The Artistic Director and Chief Executive of Welsh National Opera is a visionary. Any intendant of an opera company has to tread a very fine line between being an idealist and an astute businessman. Since taking on his role at WNO, hot-foot from Bregenz, a major opera festival with an opera house attached, David Pountney has presented the British premieres of nine operas. I’d like you to stop and think about that for a moment: not nine new productions, allowing all the critics to mutter about Regietheater or which of the current crop of Russian sopranos is having an off day, but nine opportunities to talk about the fusion of music and drama and how it relates to human existence. As Mr Pountney says in his introduction to this second WNO residency at the Royal Opera House, “Don’t exploit the past without feeding the future.”
Having been involved in the export of Richard Ayres’ previous opera, The Cricket Recovers to Bregenz, when it formed part of Mr Pountney’s “Made in Britain” mini-festival, I was keen to hear how Mr Ayres would treat J M Barrie’s iconic fable of the boy who never grew up. The Cricket Recovers is a work which can appeal on different levels to both children and adults, making Mr Ayres a logical choice to write something which needs to appeal to the core opera audience, but can also draw in those longed-for audiences of the future, well before they become fearful of new music or scary German opera directors. Last night I was surrounded by highly-attentive children aged between 8-12, including one who virtually sobbed on learning that Tinkerbell was “broken.” It was wonderful to see a shift in the Royal Opera House opera demographic for two nights at least. Although Cricket in fact depicts an array of psychological disorders – depression, obsession et al – Mr Ayres created in his first opera an intimate, magical world peopled by fantastical animals, each identified by its own leitmotiv or particular musical gesture, set against an eclectic backdrop of musical styles and moods.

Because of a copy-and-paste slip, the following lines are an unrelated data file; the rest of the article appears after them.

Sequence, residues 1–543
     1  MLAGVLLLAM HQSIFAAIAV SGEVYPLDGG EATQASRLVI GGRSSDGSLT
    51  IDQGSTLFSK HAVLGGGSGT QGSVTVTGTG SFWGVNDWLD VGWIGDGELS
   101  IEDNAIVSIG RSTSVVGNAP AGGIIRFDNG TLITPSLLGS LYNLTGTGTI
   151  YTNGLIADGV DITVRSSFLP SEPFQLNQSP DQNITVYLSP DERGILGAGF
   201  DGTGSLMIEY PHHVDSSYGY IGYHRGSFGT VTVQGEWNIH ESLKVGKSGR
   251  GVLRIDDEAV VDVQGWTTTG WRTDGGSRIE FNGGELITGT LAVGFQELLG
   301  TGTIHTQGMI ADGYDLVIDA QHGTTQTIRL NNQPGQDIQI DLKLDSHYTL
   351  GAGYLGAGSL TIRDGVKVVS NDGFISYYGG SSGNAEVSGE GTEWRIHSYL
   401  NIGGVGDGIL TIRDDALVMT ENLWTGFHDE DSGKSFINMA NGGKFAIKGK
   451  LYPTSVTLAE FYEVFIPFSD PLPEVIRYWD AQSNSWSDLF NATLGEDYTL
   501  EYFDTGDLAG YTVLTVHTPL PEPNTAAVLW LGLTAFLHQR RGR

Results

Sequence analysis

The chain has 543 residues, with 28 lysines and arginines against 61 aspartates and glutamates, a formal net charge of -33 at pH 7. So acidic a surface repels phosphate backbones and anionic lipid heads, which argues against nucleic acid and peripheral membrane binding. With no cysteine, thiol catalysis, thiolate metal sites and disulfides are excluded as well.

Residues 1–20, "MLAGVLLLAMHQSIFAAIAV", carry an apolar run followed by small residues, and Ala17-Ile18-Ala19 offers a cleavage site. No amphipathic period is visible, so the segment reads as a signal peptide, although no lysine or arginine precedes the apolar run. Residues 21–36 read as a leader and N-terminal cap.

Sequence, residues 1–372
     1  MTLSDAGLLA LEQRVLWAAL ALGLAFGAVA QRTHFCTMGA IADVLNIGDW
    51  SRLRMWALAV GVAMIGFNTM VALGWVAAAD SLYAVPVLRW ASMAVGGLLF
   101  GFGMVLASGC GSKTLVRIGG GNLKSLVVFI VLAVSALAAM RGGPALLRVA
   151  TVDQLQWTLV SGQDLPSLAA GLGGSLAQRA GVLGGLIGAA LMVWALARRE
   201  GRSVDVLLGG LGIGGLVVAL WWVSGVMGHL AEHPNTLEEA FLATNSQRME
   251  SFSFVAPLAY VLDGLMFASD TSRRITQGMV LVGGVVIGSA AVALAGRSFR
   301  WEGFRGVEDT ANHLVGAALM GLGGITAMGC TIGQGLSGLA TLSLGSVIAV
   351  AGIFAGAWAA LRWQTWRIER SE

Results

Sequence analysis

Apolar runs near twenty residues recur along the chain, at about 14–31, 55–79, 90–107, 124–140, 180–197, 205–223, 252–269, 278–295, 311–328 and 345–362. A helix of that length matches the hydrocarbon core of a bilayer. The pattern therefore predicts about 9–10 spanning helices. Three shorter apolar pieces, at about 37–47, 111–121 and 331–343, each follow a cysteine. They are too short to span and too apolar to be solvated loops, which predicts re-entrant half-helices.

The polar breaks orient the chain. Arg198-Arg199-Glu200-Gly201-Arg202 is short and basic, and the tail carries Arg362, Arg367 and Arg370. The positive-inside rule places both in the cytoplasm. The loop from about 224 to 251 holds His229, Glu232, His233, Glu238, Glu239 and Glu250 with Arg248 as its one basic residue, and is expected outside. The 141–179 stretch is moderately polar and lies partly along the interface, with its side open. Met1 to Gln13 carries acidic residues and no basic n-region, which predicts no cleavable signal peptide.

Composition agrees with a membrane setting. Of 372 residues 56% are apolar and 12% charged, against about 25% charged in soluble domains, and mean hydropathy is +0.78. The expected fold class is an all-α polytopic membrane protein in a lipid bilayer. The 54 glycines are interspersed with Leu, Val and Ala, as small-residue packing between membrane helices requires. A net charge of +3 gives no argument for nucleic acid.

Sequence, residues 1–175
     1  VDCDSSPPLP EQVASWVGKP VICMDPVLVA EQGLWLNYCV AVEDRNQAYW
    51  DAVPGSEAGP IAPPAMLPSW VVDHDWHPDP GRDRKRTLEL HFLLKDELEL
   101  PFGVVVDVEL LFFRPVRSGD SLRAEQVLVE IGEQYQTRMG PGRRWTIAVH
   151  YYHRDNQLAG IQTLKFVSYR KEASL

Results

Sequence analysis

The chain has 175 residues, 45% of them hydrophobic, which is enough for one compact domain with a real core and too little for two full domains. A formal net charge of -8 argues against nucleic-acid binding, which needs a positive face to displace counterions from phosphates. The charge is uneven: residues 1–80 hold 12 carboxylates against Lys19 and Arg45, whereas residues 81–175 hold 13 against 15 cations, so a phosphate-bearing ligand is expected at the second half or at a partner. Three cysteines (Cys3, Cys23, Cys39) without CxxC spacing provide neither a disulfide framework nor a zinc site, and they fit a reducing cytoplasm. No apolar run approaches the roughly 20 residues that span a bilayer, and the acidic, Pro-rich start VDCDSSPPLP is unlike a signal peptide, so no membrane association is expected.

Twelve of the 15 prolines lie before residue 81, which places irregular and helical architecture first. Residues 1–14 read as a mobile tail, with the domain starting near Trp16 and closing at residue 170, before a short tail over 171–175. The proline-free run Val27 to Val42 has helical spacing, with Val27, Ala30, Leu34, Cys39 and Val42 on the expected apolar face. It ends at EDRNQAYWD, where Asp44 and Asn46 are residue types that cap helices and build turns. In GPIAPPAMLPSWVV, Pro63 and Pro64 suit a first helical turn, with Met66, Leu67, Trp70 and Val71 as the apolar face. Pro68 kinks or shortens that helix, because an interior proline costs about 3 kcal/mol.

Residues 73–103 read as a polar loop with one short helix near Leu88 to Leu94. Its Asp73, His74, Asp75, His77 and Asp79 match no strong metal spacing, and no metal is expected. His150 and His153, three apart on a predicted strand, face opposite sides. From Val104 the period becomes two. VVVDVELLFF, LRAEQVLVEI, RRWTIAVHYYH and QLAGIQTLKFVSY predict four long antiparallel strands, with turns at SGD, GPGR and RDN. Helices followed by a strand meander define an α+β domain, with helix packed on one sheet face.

Cricket is small and perfectly formed, played out in a self-reflective cocoon; Peter Pan is an opera for a larger house, scored for larger forces (predominantly percussion and strings) and for a significantly larger cast. And yet Keith Warner’s ‘toybox’ production encloses all the frenetic activity of part two in a limited, claustrophobic space, allowing the protagonists little room to move and no space to think. Ultimately all the toys, including the toy blocks, are put back in the box. The children, having tasted freedom in a mad dash through Neverland, return to the familiar constraints of life at home.
Lavinia Greenlaw is a seasoned writer of sinister yet effective operas for children. However, in my opinion, there is an imbalance in Peter Pan between the two sections of the opera and I have to lay most of the blame for this at the feet of Miss Greenlaw. There has to be a very good reason why three children who are offered an alternative existence in which they can fly (and yes, in this production, they really fly,) hunt, fight battles with pirates and see the bad guy get eaten by a crocodile would want to return home. We get an excellent depiction in the “overture” of some of the stresses inherent in Victorian middle-class life, thanks to the effective stage device of a circular train track, giving us pictures of commuting, office drudgery, even lost babies, all in pantomime form. At home however, apart from the fact that a nightly dose of medicine is compulsory, it seems as if the children are very much in control, having a great time playing practical jokes and generally running riot. If Mrs Darling is prepared to entrust the upbringing of her children in the paws of a Newfoundland dog, why is she so bereft when they disappear from their room?
The biggest problem for me is that the character of Mrs Darling in particular and that of the principals in general is not sufficiently fleshed out. The dramatist needs to establish the roles of gruff, disciplining father and loving, forgiving mother to make this home preferable to a life on the high seas. We need to know what a mother should be in order to understand why the Lost Boys adopt Wendy as theirs. Without this, in this reading, in order to make the final reconciliation credible, Neverland has to become a pretty threatening place and Peter Pan a pretty petulant, unpleasant character.